So I wasn’t really planning on baking anything tonight, but the three zested Meyer lemons drying out in my fruit bowl kept giving me accusing looks that seemed to say “You better use us tonight, or we’re going to go bad and you’ll be sorry!” I actually get really annoyed when a recipe only uses the zest and not the juice because I feel like I’m wasting so much. I couldn’t bear to throw away the little skinned lemons after making my other lemon yummies earlier this week, promising myself that I would find something that only called for the juice. I went onto my Pinterest recipes board and clicked all the lemon desserts I could see until I found this one, which seemed like just the ticket.
I thought for sure I had all the ingredients and I got the butter and sugar into the Kitchenaid right away, then – horrors! – I took out my egg carton and found only one goddamn egg in there! So after a little bit of swearing on my part, I realized I had three egg whites in the fridge and I thought I could probably just use those and the one egg and cobble things together but then I dropped the f***ing egg! So clearly, things were not going well in the kitchen. I considered just stopping altogether and continuing the next day with new eggs, but my previous experiment had gone so well that I just decided to wing it. I had to use up those egg whites anyway and I had already juiced the lemons. Sidenote: I love my juicer. I could do a whole post on it, but just trust me, it’s amazing and if you’re looking for one, buy it! It’s made by Chef’n and it’s next to my other favorite thing, my Microplane zester. And before you even go there, no I’m not getting paid by these guys to endorse them or anything, I just love, love, love them!
The butter, sugar, & salt were already all working together in the mixer so I threw in the egg whites one at a time, then some lemon extract. The original recipe called for lemon oil or lemon zest, but since the whole point of trying this recipe was to use up some zested lemons I decided to go with some lemon extract I had on hand. I also added some vanilla because I think most baked goods are drastically improved by the liberal addition of vanilla and very few are harmed by it. After mixing in the flour and milk, I poured the batter into two buttered loaf pans and popped them into the oven on a baking sheet to see what would happen. They were ready to go after about an hour so I took them out, let them cool for a bit and then turned them out of the pans onto a cooling rack with some tin foil underneath. A few pokes with a toothpick and liberal application of a simple lemon glaze and the finished product looked pretty good!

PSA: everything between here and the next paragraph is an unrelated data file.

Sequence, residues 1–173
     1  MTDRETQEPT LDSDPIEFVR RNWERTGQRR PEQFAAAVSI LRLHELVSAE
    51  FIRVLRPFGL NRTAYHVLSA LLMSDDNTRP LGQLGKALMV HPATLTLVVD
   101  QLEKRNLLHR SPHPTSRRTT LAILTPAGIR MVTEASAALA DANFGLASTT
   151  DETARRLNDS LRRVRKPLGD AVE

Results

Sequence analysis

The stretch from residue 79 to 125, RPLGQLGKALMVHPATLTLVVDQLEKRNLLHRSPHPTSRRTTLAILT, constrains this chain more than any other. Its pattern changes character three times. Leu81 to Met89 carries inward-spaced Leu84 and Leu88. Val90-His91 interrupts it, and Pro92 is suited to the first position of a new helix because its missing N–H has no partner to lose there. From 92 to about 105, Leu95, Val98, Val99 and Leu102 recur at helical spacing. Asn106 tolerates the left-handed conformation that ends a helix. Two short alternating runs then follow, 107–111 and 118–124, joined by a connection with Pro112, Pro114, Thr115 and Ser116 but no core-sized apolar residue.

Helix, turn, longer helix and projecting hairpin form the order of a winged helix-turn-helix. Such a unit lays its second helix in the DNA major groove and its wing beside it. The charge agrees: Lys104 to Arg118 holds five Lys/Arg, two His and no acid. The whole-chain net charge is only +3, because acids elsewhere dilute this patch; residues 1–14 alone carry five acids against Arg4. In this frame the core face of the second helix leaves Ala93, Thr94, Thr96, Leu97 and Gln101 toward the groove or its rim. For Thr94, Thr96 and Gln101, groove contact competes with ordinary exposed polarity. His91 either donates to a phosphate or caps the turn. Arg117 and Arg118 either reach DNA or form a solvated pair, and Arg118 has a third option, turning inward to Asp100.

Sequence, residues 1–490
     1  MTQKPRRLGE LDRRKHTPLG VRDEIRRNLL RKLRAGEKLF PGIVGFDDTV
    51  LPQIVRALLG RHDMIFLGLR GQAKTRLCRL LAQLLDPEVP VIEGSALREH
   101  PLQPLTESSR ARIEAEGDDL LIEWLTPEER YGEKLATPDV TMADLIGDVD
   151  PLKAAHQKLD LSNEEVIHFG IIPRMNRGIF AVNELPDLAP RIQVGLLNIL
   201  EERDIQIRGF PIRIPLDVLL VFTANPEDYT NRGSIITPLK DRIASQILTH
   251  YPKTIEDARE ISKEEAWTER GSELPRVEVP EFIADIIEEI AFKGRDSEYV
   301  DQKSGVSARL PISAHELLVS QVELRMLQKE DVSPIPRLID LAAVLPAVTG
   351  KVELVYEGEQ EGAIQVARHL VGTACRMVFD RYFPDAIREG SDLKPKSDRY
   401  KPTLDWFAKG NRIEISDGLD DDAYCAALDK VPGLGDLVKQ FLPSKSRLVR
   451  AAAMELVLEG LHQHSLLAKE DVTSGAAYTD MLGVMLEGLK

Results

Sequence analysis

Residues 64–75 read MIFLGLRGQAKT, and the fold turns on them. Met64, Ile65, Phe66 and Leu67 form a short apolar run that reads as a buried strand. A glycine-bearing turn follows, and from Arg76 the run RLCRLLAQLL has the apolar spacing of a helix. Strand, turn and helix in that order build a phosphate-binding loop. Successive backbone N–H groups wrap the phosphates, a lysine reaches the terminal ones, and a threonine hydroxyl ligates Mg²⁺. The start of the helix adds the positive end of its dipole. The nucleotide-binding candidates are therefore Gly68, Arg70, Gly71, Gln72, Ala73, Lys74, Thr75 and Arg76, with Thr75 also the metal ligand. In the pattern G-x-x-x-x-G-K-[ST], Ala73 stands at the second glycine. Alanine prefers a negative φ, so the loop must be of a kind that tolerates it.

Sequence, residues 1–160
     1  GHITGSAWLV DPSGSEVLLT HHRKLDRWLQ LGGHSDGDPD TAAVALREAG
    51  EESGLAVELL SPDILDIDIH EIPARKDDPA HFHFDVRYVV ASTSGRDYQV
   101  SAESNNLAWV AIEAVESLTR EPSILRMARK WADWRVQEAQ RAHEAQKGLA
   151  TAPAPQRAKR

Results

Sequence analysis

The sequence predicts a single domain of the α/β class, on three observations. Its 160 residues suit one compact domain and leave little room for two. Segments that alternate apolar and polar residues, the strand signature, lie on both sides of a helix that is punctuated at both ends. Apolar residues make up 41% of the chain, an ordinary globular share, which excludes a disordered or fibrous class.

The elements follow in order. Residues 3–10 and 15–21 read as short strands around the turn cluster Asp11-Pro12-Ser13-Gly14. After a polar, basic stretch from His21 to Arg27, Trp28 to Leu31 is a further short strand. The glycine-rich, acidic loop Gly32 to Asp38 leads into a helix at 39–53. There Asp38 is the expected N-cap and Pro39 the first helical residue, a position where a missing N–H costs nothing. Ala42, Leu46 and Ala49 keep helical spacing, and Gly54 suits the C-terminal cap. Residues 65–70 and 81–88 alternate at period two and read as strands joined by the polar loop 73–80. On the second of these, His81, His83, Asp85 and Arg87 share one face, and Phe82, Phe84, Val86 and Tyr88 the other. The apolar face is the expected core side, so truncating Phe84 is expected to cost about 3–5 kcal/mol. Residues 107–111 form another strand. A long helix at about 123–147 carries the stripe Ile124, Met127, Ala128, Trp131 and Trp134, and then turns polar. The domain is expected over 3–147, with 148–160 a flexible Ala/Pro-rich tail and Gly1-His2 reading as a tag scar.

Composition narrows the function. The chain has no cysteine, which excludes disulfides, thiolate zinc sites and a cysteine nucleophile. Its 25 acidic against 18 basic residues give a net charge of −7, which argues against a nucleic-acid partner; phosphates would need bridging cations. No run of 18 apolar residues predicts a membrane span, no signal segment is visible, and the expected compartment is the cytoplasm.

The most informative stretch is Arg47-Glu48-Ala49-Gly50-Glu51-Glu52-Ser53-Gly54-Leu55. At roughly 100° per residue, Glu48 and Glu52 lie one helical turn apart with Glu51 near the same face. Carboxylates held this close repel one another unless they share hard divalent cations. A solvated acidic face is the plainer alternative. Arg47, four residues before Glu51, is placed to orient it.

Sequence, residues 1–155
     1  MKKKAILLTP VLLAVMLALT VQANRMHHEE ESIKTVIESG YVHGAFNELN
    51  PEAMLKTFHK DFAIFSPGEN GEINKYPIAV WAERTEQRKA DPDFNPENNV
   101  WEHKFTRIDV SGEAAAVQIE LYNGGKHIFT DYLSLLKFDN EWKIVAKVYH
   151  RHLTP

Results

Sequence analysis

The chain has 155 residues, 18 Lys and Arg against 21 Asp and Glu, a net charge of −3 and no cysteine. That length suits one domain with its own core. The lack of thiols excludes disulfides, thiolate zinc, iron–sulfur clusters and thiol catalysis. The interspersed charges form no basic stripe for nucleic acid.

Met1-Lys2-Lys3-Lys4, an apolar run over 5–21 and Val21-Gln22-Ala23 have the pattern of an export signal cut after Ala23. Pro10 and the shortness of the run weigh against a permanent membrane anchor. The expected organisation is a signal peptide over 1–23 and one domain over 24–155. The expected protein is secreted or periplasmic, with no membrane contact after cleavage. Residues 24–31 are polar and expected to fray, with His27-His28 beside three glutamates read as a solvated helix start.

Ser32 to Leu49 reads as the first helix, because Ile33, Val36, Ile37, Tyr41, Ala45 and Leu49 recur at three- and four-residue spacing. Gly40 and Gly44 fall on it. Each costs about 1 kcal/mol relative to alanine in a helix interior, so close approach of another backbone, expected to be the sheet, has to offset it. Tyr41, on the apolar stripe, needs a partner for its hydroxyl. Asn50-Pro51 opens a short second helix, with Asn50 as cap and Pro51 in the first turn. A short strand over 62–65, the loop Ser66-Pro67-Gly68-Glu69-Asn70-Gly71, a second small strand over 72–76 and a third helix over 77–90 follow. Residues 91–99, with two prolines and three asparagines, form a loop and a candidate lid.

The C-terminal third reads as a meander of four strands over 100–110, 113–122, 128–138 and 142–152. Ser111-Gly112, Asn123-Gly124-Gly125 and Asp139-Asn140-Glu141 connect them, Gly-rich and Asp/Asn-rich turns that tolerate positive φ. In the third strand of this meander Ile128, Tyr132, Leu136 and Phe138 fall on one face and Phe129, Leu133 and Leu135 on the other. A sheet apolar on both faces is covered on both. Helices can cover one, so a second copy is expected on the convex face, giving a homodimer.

After about an hour cooling on the rack I sliced it up and was very pleasantly surprised by both the flavor and the texture. It was very moist and dense and had a nice even crumb pretty much throughout. There were a few butter spots, so I guess I should have mixed everything together for awhile longer in the Kitchenaid, but other than that, I’d say the second experiment went pretty well!
Meyer Lemon Angel/Pound Cake
(kind of created by me on the fly!)
2 sticks of butter
2 cups sugar
scant 1/2 tsp salt
1 cup milk
3 egg whites
3 cups all-purpose flour
2 tsp baking powder
1 tsp vanilla
3/4 tsp lemon extract
3/4 cup sugar
1/3 cup Meyer lemon juice
Preheat the oven to 350 degrees. Butter thoroughly pan or pans of your choice and set aside. I used two standard loaf pans, but you could use a Bundt pan if you have one (I don’t).
Cream together the butter, sugar, & salt, then add the egg whites one at a time and mix well after each addition. Turn the mixer to low and then add the flour and milk in small batches, starting and ending with the flour.
Finally add the extracts and mix just a little more until everything is smooth and combined. Pour the batter into the pan(s) and smooth the top with a spatula, then place in the oven on the middle rack and bake for about 55 minutes until a toothpick or cake tester inserted in the middle comes out clean.
While the cake is baking, whisk together the sugar and lemon juice and set aside. Cool the cake for five minutes on a wire rack, then run a knife around the edges and turn the cake out onto a plate, then flip it back over onto the rack. Poke the cake all over with a toothpick and then brush it with the glaze. It seems like a lot, but it will soak into the cake and make it taste delicious! Leave the cake for at least an hour (that’s how long I lasted) before you slice it up. It would probably taste really nice with some fresh berries and whipped cream, but I didn’t have any of that and it was still really good!